While these things in Boeotia were being [p. 493]
accomplished, Perseus remained a few days in camp1
When he heard there that the Romans were hastily bringing in reaped grain from the fields round about, and then, each before his own tent, was clipping the ears with his sickle, so that the grain might be threshed out more cleanly, and that they had made great piles of straw throughout the whole camp, the king thought that this was a time suitable for a conflagration, and ordered torches and pitch-pine
and fire-spears of tow smeared with pitch2
to be prepared, and with this equipment set out at midnight, so as to make a surprise attack at dawn.
Vainly the first outposts were overwhelmed; by their uproar and panic they roused the rest, and the signal was given to take arms at once; at the same time the soldiery was posted on the rampart and at the gates.
Then indeed, in shame at the rash and foolish beginning of an attack on the camp, Perseus at once wheeled his line around and ordered the baggage to go first, then the infantry to move out; he himself with the cavalry and light troops halted to form the rear-guard, thinking that the enemy would, as actually happened, pursue to harass the last units from behind.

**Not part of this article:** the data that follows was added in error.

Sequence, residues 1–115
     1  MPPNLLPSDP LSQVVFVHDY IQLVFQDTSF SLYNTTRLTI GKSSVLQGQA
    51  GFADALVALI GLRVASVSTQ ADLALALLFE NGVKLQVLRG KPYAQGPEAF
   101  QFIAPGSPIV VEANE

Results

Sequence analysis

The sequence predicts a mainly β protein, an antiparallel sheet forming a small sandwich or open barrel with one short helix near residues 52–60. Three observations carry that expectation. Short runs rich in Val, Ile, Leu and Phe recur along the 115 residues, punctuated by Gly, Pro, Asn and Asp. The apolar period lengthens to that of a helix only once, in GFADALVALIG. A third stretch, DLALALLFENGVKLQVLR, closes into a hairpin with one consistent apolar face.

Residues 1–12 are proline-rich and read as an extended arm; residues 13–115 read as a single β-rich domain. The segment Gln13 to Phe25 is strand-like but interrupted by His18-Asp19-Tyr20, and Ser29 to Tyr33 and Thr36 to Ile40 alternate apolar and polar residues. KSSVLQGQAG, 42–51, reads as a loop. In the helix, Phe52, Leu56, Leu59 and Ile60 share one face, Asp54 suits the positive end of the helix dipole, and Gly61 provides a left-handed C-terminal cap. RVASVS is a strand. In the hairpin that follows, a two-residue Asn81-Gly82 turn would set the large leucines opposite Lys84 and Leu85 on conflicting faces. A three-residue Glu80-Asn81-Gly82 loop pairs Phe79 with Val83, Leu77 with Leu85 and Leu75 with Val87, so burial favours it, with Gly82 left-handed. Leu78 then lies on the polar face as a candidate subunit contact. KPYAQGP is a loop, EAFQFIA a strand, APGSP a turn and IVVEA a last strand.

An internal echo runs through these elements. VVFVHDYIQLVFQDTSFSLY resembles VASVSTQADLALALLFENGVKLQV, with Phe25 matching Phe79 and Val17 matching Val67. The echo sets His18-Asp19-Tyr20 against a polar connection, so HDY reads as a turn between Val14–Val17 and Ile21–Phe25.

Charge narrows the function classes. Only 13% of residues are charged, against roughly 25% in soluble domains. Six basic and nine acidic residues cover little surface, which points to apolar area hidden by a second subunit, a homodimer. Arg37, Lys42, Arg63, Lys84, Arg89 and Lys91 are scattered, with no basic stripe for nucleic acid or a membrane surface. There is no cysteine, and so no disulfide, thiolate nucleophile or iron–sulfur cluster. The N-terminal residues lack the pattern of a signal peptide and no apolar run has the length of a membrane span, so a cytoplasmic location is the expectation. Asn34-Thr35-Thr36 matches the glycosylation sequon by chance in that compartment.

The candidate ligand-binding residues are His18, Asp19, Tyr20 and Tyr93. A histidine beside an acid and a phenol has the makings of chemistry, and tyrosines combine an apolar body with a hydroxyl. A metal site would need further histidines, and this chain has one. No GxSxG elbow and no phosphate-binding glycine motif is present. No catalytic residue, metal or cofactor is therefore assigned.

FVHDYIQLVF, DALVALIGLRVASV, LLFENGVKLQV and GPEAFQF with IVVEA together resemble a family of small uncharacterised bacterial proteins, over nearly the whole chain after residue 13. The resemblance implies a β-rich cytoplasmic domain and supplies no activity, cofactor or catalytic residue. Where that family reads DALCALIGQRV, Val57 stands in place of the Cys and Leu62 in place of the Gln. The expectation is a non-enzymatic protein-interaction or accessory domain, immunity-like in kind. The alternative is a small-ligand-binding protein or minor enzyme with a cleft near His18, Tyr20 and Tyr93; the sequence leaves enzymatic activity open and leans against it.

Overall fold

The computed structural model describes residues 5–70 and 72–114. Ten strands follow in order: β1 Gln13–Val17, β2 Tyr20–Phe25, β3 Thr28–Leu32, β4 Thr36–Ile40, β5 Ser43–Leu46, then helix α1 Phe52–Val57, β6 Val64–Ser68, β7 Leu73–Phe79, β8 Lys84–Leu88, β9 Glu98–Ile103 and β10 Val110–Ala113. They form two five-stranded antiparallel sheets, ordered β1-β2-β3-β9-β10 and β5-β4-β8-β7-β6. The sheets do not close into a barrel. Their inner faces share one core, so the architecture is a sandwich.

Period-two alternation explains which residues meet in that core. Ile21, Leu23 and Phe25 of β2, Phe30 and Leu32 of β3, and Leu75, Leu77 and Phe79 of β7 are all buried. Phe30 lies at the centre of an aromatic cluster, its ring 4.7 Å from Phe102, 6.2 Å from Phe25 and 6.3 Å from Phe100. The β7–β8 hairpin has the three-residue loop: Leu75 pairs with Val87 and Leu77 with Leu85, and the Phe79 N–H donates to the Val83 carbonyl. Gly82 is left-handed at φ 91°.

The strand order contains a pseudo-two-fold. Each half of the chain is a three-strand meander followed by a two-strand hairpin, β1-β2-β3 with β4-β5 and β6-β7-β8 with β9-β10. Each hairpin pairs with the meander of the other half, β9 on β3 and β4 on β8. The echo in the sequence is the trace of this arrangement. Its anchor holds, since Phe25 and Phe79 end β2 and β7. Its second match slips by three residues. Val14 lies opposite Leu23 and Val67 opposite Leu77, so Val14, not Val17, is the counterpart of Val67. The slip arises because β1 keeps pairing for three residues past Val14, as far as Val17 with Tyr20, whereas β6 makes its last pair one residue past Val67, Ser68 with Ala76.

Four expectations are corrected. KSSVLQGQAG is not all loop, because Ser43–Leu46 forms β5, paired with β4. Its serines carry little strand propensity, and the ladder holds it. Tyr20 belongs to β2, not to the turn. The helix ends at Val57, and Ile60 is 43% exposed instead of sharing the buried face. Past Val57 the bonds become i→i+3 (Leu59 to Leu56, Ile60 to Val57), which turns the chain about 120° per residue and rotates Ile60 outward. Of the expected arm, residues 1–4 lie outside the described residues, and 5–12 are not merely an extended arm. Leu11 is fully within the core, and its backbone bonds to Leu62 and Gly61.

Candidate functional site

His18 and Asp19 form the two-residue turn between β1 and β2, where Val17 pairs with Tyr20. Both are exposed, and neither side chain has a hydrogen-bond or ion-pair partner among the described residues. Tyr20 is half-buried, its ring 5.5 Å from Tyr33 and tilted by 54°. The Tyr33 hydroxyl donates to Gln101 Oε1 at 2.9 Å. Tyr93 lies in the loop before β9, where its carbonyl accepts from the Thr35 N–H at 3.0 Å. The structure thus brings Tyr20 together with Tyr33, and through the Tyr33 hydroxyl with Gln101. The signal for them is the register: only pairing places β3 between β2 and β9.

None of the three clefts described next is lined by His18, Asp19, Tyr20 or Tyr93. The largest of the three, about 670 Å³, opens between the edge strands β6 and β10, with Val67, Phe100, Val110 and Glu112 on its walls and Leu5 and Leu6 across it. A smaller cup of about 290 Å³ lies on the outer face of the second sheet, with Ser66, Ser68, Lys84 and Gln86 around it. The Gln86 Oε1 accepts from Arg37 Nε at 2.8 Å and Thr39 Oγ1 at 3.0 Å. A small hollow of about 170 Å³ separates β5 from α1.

There was a short struggle particularly of the light troops against skirmishers; the cavalry and infantry returned without disturbance to camp.
After reaping the crops round about, the Romans moved their camp to Crannon, an untouched territory.
There while they were remaining in camp with a feeling of safety, both because of the distance and the difficulty of the almost waterless road between Sycurium and Crannon, suddenly at dawn on [p. 495]
commanding hills the king's cavalry with the light troops3
was sighted and caused a great uproar.
They had set out from Sycurium during the middle of the previous day; just before dawn they had left the column of infantry in the nearest plain.
Perseus halted a while on the hills, thinking that possibly the Romans might be enticed to a cavalry struggle; after they would not budge, he sent a horseman to order the infantry to return to Sycurium; he presently followed.
The Roman cavalry followed at a moderate distance, so that they might at any point be able to attack scattered or straggling men, but after they saw that the enemy was retreating in a body, keeping to his formations and ranks, they also returned to camp.